The South Australian company, led by Executive Chairman Warren Randall from Seppeltsfield in the Barossa Valley, now owns about 3500 hectares of premium red wine vineyards across the leading wine state. This year alone, RWG has announced 760ha of new vineyard purchases in Barossa, Langhorne Creek, McLaren Vale and Currency Creek.
The latest McLaren Vale acquisitions were purchased under the Tinlins Wines banner, which RWG bought in 2016.
The new red wine vineyards are planted with 50 per cent Cabernet Sauvignon. The largest of the four blocks is the 60ha Sellicks Hill vineyard. These new acquisitions make Tinlins and RWG the largest vineyard holder in McLaren Vale with 750ha under vine. RWG is also the largest vineyard owner in the Barossa where it has more than 1600ha of vines.
RWG’s aggressive vineyard buy-up is targeted at boosting supply to the booming Chinese market. Its flagship winery Seppelstfield also opened a wine chateau in China in 2017 in a joint venture with Minquan Jiuding Wine Company Ltd. It is the first Chinese chateau to have a part ownership stake by an Australian winemaker.
Speaking at the Australian Wine Industry Technical Conference in July, Randall said South Australia was well placed to supply the burgeoning Chinese demand for red wine.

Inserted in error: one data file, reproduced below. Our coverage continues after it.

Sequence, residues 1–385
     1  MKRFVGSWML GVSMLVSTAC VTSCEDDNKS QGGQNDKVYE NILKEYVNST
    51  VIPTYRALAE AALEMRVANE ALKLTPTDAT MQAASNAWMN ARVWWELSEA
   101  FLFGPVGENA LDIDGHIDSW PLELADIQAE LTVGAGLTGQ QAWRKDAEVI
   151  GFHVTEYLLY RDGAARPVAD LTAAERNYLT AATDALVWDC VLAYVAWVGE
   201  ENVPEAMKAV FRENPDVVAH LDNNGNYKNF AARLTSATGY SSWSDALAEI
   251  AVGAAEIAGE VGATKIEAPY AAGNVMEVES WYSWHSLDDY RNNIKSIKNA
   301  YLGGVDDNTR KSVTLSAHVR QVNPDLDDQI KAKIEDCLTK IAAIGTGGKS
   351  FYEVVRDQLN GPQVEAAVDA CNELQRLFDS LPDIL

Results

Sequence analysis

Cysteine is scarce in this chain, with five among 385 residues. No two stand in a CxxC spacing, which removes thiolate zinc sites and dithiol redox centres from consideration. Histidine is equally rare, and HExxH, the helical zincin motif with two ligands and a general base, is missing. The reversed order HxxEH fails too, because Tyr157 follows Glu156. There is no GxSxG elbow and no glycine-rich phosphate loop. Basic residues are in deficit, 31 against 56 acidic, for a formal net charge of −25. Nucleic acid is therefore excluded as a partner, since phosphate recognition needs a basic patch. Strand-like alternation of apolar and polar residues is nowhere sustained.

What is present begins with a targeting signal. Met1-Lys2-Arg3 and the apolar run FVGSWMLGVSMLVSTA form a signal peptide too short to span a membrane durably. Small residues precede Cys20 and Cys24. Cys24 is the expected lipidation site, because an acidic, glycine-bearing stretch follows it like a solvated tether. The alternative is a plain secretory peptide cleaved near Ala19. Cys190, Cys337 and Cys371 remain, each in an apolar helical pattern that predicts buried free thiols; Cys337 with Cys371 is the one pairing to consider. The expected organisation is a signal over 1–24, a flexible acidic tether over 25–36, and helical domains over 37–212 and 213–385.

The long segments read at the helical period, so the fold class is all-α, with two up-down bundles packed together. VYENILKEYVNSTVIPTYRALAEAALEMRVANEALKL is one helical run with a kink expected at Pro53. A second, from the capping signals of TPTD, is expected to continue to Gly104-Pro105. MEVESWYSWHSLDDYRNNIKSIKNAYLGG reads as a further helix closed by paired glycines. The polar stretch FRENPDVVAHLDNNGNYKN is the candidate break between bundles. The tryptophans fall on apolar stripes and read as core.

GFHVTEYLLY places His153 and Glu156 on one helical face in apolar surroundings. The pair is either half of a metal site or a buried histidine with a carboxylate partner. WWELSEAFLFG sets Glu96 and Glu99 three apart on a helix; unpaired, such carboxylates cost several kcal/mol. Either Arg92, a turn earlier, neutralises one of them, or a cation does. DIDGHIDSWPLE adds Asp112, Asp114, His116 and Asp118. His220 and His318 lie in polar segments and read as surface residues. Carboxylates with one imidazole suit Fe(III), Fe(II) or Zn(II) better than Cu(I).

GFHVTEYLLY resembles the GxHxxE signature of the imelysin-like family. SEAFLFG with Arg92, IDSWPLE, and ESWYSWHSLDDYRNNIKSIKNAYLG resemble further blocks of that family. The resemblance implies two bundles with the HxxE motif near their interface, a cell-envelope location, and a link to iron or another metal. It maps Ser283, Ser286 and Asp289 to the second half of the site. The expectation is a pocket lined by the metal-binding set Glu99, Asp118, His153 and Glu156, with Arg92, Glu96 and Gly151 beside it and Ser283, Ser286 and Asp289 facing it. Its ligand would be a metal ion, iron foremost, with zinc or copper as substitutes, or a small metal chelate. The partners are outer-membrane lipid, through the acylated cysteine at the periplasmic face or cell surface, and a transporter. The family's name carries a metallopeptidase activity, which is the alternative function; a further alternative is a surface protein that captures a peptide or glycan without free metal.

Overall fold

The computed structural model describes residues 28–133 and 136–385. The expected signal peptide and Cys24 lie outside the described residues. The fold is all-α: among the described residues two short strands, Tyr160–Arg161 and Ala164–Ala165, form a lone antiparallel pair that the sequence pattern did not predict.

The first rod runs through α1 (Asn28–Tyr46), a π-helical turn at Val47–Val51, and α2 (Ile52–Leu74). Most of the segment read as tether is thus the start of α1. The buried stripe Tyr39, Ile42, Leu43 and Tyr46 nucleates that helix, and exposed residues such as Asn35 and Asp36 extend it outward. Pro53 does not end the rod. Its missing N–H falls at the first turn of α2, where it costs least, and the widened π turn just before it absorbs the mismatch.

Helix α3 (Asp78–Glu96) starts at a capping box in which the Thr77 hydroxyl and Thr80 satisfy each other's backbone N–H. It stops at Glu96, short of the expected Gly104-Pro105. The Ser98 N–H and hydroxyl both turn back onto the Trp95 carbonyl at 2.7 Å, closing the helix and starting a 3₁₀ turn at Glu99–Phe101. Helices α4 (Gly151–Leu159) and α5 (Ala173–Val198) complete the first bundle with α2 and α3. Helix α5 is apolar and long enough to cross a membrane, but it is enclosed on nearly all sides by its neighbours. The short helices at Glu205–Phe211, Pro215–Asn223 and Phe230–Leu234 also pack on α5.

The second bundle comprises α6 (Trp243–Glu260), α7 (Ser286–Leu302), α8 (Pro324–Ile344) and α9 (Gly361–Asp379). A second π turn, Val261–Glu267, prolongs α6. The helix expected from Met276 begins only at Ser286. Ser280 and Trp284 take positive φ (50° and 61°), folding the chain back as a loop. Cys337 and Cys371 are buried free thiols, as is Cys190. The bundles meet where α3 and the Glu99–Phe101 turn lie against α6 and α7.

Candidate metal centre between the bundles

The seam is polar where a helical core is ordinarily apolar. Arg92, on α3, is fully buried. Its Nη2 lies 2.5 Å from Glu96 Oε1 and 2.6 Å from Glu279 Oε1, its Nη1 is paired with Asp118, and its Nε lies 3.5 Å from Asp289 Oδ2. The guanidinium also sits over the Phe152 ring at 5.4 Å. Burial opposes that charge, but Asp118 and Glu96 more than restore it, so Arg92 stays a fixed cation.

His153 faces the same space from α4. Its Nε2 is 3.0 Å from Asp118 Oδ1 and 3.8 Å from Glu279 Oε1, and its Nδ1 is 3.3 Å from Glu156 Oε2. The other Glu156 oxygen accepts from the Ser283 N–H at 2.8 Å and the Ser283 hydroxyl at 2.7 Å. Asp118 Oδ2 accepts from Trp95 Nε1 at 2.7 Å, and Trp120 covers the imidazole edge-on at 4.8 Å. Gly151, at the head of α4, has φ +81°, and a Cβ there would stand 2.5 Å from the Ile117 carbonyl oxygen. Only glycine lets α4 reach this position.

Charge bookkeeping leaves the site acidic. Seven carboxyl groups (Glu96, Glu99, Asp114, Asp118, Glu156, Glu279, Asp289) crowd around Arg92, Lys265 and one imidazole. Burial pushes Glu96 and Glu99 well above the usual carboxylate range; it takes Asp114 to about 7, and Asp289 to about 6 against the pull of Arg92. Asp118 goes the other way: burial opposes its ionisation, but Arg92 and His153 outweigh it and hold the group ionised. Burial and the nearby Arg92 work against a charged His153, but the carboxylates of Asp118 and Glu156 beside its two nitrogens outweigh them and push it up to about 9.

He also told Australian winemakers at the conference in Adelaide to be ‘China ready’ as China was expected to become the largest consumer of wine in the world, surpassing the United States of America within the next 15 to 20 years.
“China has come from nowhere to be Australia’s largest wine export market by dollar value and its second largest by volume behind the United Kingdom, recently displacing the US,” Randall said.
“We now sell to China in three days what we sold to China per year 20 years ago.
“These numbers can be numbing but they must be comprehended to understand the magnitude of the market before us.
“The Chinese middle class consumer will become the most targeted consumer in the world and these consumers also need to be the target of the Australian wine industry.”
In the 12 months to June 2019, Australian wine exports to China (including Hong Kong and Macau) reached a financial year record, increasing 7 per cent in value to $1.2 billion.
The state of South Australia produces about half of Australia’s wine and 80 per cent of its premium wine. It includes the renowned regions of Barossa, Adelaide Hills, Coonawarra, Clare Valley, Langhorne Creek and McLaren Vale.Jump to next article